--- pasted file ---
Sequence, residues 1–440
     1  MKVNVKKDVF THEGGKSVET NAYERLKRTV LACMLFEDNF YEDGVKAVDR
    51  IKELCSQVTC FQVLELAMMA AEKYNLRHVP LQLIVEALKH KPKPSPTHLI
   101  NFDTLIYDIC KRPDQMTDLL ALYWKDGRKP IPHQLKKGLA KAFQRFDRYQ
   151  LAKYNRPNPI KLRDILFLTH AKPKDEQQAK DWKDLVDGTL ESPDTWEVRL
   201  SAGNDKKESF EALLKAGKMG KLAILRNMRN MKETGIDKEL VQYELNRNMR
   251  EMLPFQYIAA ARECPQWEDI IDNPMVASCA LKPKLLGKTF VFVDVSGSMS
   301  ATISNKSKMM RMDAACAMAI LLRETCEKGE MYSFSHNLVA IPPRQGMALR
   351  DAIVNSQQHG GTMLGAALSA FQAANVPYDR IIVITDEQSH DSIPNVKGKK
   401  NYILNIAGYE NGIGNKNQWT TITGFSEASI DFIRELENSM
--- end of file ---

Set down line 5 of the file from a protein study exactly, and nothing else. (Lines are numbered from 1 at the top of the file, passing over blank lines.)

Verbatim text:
   151  LAKYNRPNPI KLRDILFLTH AKPKDEQQAK DWKDLVDGTL ESPDTWEVRL